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Euro

Euro
The Euro is the single currency of the European Monetary Union (EMU) and was implemented by its member states on January 1, 1999. With its name drawn from the word “Europe,” and its graphic symbol inspired by the Greek letter epsilon, the Euro brings a sense of common history, despite its recent inception.

Eurofont Free for Download
To help designers and publishers include this new symbol, we are now offering Eurofont free for download. Eurofont includes different variations of the Euro symbol to work with a wide range of existing typefaces.

Postscript versions of the Euro for Windows and Macintosh are available in the column to the right.

Accessing the Euro Symbol
Euro Currency Symbol characters are accessed by typing the following keys:

Windows – Alt+0164
Macintosh – Shift+Option+2
(Option+2 under Mac OS X)

The Euro character is now regarded as part of the standard character set. This character has a PostScript name of “Euro”, and has the Unicode value of “20ac”.

In TrueType the Euro was fully supported at system level from Windows 98 onwards. Apple replaced the “currency” with the Euro from OS 8.5 onwards. Microsoft created font design characters, whereas Apple put the generic style Euro in their system fonts. At the same time Apple added the generic Euro to the “Symbol” font, and engineered the LaserWriter printer driver to default to this character when the Euro was keyed using standard PostScript fonts.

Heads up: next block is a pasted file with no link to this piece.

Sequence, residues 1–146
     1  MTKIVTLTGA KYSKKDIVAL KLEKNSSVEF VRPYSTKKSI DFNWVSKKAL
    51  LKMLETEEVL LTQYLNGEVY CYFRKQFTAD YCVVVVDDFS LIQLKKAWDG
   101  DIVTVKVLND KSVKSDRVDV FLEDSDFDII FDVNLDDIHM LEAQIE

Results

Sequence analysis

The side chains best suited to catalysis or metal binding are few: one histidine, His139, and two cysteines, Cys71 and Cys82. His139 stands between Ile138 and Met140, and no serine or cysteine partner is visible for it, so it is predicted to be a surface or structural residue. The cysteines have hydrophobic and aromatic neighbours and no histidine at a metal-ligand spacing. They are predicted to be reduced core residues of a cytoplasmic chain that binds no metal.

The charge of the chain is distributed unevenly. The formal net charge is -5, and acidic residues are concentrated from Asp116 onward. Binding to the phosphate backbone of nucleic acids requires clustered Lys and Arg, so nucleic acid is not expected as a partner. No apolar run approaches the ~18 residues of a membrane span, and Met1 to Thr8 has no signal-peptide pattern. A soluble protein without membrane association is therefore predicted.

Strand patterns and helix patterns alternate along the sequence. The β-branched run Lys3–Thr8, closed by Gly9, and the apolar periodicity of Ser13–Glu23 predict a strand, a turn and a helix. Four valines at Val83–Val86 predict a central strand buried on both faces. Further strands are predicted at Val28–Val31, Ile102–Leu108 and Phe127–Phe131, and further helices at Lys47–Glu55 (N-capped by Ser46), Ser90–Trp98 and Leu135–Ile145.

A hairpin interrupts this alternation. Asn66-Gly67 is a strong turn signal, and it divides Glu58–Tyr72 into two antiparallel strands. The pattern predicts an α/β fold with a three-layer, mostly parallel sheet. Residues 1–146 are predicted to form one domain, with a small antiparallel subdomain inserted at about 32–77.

Monotype Imaging implement the Euro in TrueType with the Unicode value “20ac”, from this the Euro can be keyed in applications using the Euro defined keystroke, to both display and print the character. The user should not experience any problems with this process. In PostScript we add the “Euro” to the character set, it is our experience that fonts installed with ATM 4 onwards or direct into Windows 2000 will display this character when keyed with the Euro defined keystroke in applications. However the success of printing this character may be variable, this process does not appear fully mature as yet. To ensure the user will be able to print a Euro in PostScript fonts we therefore also put the Euro outline in the “currency” position. For the PC user this allows them to display and print this character from the “Alt+0164” key combination. The Mac situation is ambiguous because as said earlier Apple replaced the “currency” with the Euro at system level. It is advisable for users to have access to an Adobe printer driver, and determine in applications using either the LaserWriter or PS (Adobe) driver as to what gives the desired display and printing output.


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